The reducer: a new agile role

With very few exceptions, the codebases you’ll encounter in paying jobs are big. A more direct to say it is this: most paying codebases are complex. Very complex, judging by my experience and standards.

What qualifies as a complex codebase?

  • Lines of code are measured in the millions.
  • There’s dozens of direct dependencies.
  • Bonus points: several programming languages.

But the real measure is more subtle. Looking closer, it can best be seen in the nature of what devs do every day. In a complex codebase, developers and testers spend most of their time struggling with the existing codebase. Struggling with the existing codebase means that:

  • Easy, even trivial features, take days of work to retrofit in the existing codebase, even when the most senior devs are working on them.
  • Certain sections of the code are untouchable and devs work around them.

The sad reality is that most codebases converge to this state in a short amount of time. It happens in just a few years, and it also happens to startups. We still lack the conceptual technology for writing non-trivial systems without incurring in horrid complexity by default.

This article is written for devs that are aware of this, and yet they need to work in these codebases for their own sustenance. You’re not alone. If you are aware that most complexity is avoidable, and that most of your team’s effort is a wasted effort against a coding quagmire, you are presented with the following options:

  • Find another company with codebases that are more tolerable.
  • Find solace in your own projects, where complexity is actually contained, and try to make money from them instead.
  • Plod along, trying to incrementally improve your company’s codebase. Resist against the introduction of new paradigms or tools that will increase the complexity instead of decreasing it. Carve sections of the codebase where you have ownership and where you can decrease its complexity.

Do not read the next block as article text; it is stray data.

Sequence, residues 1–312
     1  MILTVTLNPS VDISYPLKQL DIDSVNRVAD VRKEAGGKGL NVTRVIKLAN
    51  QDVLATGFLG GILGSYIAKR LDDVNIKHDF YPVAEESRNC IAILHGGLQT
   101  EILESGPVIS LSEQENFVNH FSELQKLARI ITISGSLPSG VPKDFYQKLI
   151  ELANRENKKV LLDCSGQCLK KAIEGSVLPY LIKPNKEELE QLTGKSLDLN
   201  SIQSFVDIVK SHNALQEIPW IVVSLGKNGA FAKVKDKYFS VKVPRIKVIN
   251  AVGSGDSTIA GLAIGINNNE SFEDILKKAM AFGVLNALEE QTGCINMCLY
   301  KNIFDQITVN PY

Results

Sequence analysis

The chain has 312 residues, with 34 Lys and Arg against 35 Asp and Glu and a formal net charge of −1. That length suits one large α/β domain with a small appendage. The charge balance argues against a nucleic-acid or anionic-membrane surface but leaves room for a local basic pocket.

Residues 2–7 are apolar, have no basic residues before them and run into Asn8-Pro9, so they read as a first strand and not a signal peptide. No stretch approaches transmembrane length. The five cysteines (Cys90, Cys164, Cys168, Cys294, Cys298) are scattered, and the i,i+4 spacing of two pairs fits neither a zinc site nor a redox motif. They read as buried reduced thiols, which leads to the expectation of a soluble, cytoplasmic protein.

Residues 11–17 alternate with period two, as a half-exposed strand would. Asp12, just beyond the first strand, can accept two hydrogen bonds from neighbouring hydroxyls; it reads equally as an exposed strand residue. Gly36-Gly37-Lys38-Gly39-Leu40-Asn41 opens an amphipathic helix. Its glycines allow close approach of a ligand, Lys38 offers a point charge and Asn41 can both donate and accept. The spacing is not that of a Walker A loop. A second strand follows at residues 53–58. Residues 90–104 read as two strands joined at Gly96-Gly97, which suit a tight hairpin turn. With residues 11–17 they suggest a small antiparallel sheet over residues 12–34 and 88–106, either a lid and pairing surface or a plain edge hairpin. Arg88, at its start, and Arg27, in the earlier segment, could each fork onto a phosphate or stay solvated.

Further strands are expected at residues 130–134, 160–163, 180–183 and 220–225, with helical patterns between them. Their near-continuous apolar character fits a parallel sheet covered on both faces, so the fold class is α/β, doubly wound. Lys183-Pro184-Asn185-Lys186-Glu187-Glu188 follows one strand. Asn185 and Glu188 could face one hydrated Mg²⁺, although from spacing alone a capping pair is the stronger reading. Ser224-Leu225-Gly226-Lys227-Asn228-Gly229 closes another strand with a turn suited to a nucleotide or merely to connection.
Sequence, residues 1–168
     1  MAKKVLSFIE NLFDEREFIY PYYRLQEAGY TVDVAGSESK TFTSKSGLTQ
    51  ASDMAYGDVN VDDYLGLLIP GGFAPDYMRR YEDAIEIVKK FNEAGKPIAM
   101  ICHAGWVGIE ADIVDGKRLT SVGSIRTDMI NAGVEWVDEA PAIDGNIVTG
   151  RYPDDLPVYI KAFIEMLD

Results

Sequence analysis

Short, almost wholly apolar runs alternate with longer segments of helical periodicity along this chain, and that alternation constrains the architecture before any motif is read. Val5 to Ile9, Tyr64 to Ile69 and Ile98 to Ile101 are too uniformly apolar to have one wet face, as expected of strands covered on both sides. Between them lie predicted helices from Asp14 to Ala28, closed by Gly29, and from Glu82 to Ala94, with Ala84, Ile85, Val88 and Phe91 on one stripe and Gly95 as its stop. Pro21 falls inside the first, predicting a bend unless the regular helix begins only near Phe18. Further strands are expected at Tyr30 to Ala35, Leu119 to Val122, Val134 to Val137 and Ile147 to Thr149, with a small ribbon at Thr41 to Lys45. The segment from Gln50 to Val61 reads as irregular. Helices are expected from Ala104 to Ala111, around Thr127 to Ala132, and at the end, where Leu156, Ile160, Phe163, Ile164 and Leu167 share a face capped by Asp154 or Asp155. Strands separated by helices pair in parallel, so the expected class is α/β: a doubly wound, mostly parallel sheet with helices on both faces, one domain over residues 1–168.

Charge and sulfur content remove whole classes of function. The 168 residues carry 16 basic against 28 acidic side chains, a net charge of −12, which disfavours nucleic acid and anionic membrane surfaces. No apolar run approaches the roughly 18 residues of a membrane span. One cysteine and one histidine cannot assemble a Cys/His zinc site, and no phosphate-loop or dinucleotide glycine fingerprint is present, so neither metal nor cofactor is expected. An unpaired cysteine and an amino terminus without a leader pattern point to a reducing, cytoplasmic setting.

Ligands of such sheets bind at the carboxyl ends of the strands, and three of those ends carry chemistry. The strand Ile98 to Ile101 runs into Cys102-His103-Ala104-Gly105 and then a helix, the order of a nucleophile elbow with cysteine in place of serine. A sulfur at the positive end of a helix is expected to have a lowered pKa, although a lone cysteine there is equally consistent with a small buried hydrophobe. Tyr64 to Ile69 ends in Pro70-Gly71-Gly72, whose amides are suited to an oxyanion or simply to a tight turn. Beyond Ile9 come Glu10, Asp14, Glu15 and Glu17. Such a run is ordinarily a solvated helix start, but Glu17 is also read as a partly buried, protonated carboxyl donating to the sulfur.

• Propose a big refactor

The first two are fine choices, but often not enough. It’s hard to find companies that are as mindful of complexity as you. And building a business is no easy task either, especially if you’re on your own.

The last two are also good, but they seem to represent the extremes of continuity and revolution. Plodding along can be a wonderful way of bringing your morale down to zero. And refactoring the entire code entails a large responsability and enormous pressure – it can be done, but usually will not work unless there’s wise dev leadership in your company, because you need to be protected from these pressures to make the refactor work. And if there was such wise leadership in the first place, the complexity probably would have been contained more.

Note: no approach, paradigm or framework will save you. If this was possible, it would already have happened.

I am hinting at another option, which is to propose a new role: the reducer. The reducer is someone whose work is to take an existing codebase and incrementally work on it to reduce its overall complexity while maintaining its functionality. The reducer is someone who is constantly refactoring the code, piecemeal but making fundamental architectural and stylistic changes to the codebase.